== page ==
Isiah Thomas and Karl Malone discussed how the Bad Boy Pistons would’ve been if Malone fell to them in the 1985 Draft.
The Detroit Pistons could’ve gotten the perfect star in the 1985 Draft that would’ve brought immense toughness and one of the silkiest scoring abilities in NBA history in Karl Malone.
Isiah Thomas revealed to Malone that the Pistons hoped he would fall to the 18th pick, but the Jazz took Malone with the 13th pick before the Pistons had a chance.
Malone: “I would like to clear the air. Unless my agent was telling me a bald-faced lie and the reason I went No. 13, was because of the report. I was like ‘dang, I know I been living in the backwoods of Louisiana and I’m just coming out, but what report?’ Marty Blake said you were lazy and didn’t work hard. That’s what started me. Whether my agent planted that seed.”
Thomas: “Two things were happening that draft. We see you drop and we’re hoping you drop all the way down to 18 and you’re gonna be a Piston. I’m like, that’s a Piston. Man, if you would’ve made it all the way down here to Detroit, can you imagine? You, Laimbeer?”
Malone: “You’d have to have all the security following our bus.”
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The Detroit Pistons were easily one of the most feared teams in history, combining skill and toughness in a way teams hadn’t seen before. Adding Malone would’ve made extended their prime and made them even more lethal.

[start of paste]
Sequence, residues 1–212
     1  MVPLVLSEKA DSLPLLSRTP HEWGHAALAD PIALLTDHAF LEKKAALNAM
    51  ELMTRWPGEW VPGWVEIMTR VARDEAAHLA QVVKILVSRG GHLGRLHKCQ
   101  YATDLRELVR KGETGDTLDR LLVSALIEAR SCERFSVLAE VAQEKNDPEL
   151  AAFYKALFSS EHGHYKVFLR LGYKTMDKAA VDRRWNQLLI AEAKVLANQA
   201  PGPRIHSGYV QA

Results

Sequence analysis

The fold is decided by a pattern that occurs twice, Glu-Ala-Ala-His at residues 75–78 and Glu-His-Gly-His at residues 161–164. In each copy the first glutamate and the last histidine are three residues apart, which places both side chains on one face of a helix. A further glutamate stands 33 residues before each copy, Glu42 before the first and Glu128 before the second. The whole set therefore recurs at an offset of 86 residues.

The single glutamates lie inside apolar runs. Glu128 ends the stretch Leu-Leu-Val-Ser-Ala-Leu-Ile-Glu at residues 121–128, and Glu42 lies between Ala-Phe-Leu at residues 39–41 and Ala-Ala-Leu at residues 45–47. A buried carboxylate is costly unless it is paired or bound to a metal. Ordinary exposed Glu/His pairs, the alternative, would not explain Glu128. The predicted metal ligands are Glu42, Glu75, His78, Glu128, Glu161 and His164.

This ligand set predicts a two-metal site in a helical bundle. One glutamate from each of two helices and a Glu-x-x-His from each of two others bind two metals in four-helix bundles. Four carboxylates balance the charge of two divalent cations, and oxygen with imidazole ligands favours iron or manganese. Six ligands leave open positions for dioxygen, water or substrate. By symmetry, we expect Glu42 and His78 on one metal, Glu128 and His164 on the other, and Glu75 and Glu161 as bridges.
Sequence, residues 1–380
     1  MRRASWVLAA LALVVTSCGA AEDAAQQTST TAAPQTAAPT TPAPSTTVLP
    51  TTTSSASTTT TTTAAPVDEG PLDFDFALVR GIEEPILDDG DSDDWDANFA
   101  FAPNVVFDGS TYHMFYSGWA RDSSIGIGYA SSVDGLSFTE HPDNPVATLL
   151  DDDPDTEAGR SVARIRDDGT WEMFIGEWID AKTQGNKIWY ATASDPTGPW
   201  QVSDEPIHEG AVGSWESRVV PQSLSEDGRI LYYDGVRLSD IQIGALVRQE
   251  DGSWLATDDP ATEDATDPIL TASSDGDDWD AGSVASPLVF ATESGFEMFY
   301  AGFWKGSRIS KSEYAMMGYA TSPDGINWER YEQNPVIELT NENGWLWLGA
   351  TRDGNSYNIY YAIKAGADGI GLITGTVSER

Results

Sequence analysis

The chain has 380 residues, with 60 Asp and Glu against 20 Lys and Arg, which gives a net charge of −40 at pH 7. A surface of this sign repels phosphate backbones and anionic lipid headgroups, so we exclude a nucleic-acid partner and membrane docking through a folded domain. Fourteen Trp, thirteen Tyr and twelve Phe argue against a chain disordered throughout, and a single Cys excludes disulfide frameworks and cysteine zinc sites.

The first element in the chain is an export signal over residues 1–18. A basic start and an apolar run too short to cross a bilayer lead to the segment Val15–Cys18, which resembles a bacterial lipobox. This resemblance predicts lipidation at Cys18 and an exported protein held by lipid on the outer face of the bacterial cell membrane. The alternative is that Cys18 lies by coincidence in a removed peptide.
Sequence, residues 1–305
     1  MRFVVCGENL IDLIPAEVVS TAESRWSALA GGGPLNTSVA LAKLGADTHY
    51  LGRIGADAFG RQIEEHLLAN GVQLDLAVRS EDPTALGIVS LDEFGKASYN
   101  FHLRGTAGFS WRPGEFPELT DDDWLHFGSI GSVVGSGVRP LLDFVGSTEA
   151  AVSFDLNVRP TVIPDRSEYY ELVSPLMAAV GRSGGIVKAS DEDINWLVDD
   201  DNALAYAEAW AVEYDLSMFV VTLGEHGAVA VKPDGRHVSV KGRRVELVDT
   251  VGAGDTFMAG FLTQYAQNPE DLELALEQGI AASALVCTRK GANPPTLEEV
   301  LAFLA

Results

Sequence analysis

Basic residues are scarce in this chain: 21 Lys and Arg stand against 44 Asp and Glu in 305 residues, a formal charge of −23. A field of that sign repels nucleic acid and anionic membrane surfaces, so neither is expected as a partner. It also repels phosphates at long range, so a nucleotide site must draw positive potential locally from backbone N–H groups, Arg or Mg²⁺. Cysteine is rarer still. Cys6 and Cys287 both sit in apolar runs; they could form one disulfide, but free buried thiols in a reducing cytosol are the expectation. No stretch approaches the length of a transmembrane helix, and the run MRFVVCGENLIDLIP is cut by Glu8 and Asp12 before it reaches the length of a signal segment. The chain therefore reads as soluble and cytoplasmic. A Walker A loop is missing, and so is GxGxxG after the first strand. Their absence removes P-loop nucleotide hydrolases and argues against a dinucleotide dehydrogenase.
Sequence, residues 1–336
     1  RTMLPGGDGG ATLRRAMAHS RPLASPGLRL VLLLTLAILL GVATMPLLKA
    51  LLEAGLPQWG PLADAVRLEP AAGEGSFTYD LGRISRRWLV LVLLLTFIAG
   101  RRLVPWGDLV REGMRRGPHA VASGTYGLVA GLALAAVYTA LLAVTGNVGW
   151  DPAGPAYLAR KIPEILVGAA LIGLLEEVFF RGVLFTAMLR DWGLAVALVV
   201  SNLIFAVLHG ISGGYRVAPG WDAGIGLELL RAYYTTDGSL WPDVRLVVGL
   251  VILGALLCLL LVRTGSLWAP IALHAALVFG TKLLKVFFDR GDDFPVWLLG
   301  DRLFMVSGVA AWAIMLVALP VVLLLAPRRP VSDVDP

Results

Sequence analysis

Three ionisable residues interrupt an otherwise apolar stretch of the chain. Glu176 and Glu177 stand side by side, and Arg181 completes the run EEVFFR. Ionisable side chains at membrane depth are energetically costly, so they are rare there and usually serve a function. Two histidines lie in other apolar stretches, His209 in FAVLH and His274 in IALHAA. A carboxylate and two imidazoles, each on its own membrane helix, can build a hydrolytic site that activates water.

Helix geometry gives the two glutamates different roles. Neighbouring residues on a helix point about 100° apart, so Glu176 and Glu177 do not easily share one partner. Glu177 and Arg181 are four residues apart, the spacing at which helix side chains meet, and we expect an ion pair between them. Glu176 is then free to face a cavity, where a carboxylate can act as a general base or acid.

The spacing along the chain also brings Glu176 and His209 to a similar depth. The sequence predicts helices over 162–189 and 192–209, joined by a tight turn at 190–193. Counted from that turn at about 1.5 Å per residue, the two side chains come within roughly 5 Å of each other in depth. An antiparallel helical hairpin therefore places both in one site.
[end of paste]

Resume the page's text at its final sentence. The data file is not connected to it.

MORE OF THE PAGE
Detroit can’t feel hard done by the draft, as they picked Joe Dumars with the 18th pick instead. Dumars became an iconic backcourt partner for Thomas and even won Finals MVP in their title-winning season of 1989.
Karl Malone As A Piston
Karl Malone retired ringless after a nearly 20-year career as one of the greatest scorers in league history. His Utah Jazz repeatedly fell short and his attempt to ring chase with the 2004 Lakers failed miserably, losing to the Pistons in the Finals. There is a world where Malone got drafted by Detroit in 1985 and played long enough to also be a part of the 2004 title-winning squad.
Revising history for certain outcomes never leads to linear results. But given the collection of talent that the Pistons put together in the mid-to-late 80s, Malone probably would have retired with a championship if he was a part of that team. Nothing is for certain and it’s unlikely that Malone would trade his Hall of Fame career on the Jazz for a ‘what if?’ scenario on the Pistons.
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